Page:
Monthly Archives: January 2010

Oldest, Eldest or Latest?

Superlatives are words used for describing something or someone of the highest quality. Most superlatives end in the suffix “-est“; however, being  the ever-complex English language, there are exceptions. Other superlatives need to be preceded by “the most” or some other forms. I shall not elaborate on the rules (perhaps in a separate blog).

Well, let me make you more confused now. Do you know how these words are used? The words are oldest, eldest, latest?

  • eldest (adj.)oldest among three or more people
  • oldest (adj.)the biggest number in terms of age for people, animals and objects
  • * latest (adj.)the most recent, the most modern

Take Note:
Latest” does not mean “the most late“.


  1. Jimmy has five brothers and two sisters. He’s the eldest / oldest.
    Jimmy has a brother; Jimmy is the older (not the oldest) one.
  2. My Volkswagon is antique. It’s the oldest car in town.
  3. Peter has just bought the latest Nokia model at a special price.
  4. Did you get the latest news about the political situation here?

The newest is not necessarily the latest, but the latest is the newest. You can buy something new, but it may not be the latest model, design or fashion. 🙂


A Greeting Wish?

The Malaysian English or Manglish is unique. We seem to make our own rules. We tend to modify the use of words that native speakers might find odd. Two such words are “wish” and “greet“. I’m sure your mom or dad has ticked you off by saying:

  • Why didn’t you wish me this morning? Where are your manners?

Isn’t that familiar? Is there anything wrong there? Yes, the word “wish” should instead be replaced with “greet“. It is sufficient to say: “Why didn’t you greet me this morning? Where are your manners?

  • * wish (v.)to express hope of success, happiness or pleasure on a certain occasion
  • greet (v.)to address s0meone with some form of salutation, to welcome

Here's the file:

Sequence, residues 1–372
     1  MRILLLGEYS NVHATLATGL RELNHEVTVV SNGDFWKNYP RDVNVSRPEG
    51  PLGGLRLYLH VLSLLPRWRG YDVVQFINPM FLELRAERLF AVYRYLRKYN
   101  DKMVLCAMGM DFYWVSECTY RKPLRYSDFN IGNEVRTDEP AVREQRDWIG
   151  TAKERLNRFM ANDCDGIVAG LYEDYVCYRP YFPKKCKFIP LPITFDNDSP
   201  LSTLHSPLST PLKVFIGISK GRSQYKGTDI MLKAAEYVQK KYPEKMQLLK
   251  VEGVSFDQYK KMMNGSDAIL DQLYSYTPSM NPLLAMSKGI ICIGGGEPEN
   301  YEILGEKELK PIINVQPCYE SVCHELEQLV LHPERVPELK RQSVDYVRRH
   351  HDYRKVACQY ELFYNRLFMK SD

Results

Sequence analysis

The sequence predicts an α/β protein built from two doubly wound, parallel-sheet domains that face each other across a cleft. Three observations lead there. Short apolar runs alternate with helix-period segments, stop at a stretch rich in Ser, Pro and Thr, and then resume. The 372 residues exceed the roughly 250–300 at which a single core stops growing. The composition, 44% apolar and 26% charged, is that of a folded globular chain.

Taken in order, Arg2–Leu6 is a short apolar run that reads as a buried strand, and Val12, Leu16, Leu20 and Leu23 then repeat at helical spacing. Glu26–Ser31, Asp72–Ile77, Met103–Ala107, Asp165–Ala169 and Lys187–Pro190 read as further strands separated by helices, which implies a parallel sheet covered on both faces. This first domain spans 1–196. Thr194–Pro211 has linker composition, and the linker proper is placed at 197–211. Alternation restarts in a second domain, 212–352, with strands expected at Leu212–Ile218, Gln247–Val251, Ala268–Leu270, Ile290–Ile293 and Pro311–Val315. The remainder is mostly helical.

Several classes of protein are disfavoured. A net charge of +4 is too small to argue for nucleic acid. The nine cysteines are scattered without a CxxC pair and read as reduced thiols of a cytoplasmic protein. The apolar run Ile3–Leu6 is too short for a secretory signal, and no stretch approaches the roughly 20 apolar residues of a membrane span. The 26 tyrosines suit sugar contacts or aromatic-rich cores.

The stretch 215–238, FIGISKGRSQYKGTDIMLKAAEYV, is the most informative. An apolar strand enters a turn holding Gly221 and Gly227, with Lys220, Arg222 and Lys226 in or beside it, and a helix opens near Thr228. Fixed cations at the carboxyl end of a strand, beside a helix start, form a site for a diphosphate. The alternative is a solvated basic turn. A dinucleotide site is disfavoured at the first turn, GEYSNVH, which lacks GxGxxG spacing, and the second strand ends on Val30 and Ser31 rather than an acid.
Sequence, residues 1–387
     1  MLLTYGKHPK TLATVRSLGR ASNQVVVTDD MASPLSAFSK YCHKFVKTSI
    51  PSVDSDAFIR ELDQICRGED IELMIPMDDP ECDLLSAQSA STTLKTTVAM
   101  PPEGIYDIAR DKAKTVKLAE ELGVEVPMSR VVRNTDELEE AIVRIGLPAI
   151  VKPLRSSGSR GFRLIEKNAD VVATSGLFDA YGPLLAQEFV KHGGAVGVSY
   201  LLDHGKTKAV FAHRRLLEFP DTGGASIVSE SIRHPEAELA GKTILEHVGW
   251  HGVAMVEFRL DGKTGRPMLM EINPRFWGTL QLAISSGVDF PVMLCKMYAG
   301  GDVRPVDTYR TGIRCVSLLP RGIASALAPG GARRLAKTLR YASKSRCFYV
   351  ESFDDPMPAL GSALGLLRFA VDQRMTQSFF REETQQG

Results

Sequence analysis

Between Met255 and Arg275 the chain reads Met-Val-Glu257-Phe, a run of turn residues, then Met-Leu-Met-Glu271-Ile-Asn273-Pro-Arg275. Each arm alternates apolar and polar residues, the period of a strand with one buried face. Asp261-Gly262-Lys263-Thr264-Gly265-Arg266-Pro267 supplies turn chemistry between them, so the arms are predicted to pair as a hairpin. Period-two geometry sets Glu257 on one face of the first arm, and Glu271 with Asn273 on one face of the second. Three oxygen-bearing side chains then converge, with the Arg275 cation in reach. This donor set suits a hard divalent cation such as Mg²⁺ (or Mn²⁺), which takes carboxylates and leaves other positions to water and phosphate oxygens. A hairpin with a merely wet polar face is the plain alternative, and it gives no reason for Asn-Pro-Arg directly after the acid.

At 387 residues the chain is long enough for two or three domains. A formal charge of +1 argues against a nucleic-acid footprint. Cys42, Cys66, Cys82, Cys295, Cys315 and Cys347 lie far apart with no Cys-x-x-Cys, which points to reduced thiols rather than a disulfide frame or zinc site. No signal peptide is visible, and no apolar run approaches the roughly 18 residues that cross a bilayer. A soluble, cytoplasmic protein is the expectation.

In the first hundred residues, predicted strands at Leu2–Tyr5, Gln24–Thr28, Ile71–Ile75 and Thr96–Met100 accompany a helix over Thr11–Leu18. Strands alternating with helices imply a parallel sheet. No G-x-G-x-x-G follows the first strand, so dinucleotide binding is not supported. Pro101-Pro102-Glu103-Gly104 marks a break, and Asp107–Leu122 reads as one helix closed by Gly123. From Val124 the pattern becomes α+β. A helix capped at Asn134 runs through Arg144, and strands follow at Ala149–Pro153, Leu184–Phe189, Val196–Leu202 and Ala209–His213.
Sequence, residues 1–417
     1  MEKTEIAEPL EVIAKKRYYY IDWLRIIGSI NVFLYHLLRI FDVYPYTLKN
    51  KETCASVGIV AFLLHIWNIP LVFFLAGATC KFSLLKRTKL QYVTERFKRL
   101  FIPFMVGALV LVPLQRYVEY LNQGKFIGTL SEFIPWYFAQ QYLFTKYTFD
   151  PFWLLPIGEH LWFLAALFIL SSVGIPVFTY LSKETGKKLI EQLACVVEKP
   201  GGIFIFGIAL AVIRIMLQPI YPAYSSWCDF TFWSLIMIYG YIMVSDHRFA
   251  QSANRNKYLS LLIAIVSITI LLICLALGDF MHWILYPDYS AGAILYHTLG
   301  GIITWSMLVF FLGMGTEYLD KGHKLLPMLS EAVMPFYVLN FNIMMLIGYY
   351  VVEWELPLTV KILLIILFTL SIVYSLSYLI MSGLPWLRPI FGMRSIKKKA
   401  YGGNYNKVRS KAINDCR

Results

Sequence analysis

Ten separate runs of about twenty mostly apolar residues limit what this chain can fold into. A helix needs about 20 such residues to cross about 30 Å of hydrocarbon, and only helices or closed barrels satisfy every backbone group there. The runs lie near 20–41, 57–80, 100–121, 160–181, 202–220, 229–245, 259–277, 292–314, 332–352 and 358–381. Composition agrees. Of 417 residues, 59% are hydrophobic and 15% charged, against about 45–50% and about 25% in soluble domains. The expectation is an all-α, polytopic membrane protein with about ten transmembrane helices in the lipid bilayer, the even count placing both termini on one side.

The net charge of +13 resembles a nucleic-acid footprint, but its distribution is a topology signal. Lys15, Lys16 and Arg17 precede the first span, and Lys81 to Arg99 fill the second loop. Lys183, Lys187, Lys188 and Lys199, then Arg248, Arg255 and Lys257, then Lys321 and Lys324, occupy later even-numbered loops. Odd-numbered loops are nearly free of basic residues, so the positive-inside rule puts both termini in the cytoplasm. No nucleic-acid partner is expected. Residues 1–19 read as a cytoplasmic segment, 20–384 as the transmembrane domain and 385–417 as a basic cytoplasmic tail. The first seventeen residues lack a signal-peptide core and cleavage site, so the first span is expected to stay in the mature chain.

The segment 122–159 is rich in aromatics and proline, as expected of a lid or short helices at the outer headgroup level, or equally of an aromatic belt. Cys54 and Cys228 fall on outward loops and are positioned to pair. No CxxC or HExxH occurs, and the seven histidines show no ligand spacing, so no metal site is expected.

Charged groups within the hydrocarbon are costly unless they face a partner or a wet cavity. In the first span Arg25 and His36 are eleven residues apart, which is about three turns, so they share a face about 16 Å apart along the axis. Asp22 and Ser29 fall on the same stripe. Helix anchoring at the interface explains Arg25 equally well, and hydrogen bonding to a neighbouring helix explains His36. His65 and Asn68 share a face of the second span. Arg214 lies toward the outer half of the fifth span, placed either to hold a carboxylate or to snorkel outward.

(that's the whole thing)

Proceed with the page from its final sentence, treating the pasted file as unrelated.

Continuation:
* Take note that the word “wish” has other meanings, too. For this post, let’s just focus on just one meaning.


  1. We wished every one a Happy New Year. ( = hope for every one’s happiness for the new year)
  2. Let me wish you every success in your endeavours. ( = hope for your success )
  3. I was greeted with a bow when I arrived at the door. ( = welcome by bowing )
  4. It is polite to greet anyone we meet. ( = address that person by calling his name etc. when you meet him )

Therefore, it doesn’t make sense to say:

  1. Did you wish your teacher today? (X)
    Did you greet your teacher today? (√)
  2. I greet my parents good night every day. (X)
    I wish my parents good night every day. (√)

I wish to wish every one a Happy New Year. May this greeting bring cheer to every one’s face. 😛

How to Play Computer

I find it very common for non-native English speakers to use the word “play” with the word “computer”.


Mom: What are you doing, Miyen?
Miyen: I’m playing computer. I need a break from doing homework. (X)

What’s wrong with the word “play“? Nothing, except that you can’t play computers.

  • play (v.) = enjoy

There are other meanings, but in this post, I’d like to focus on the meaning of the word that we all know and have used many times – “play” to enjoy.

Corrected version:

Mom: What are you doing, Miyen?
Miyen: I’m using the computer. I need a break from doing homework. (√)


I’m playing computer games. I need a break from doing homework. (√)

Therefore, you see that we can play computer games, but not computers; we can use computers to play those games but we cannot play computers. 😛

Live a Life

Here comes another chaotic pair of words that has got many of my international students confused again and again. Is it “live” or “life“?. Spelling them is confusing enough, saying them and using them correctly in written English is even more confusing.

  • live (v.) = to have life (opposite of  die), to have a home / reside
  • live* (adj.) = as it happens
  • life** (n.) = the period of existence between the time a living organism is born till the time they die

*Live” is pronounced as [laiv] when it means “as it happens“. It should not be pronounced as [liv]. Often, the word is written in quotation marks to show the difference in pronunciation. (e.g.: “live” telecast, instead of live telecast)

** The plural form is “lives“, pronounced as [laivs].


  1. My dog lived for 13 years with us before he died of illness.
  2. Isham lives [livs] in a beautiful and peaceful country, and he’ll be there for the rest of his life.
  3. We should treasure our lives [laivs] and live [liv] to the fullest.
  4. There will be a “live” [laiv] performance by a rock group at the State Square tonight. (= watch it as it happens; it’s not a recorded telecast)
  5. Life is full of experiences; some are good and some are bad.

So, as you can see, “life” and “live” are very simple words, yet people pronounce them wrongly; their meanings are different, yet  some of us use them interchangeably.  Whether it’s [laivs] or [livs] depends on the context of the sentence.

By the way, HAPPY NEW YEAR! The new year brings new life to all. May you live a life of bountiful happiness with the ones you love.

Have fun living with the complexity of the English language 😀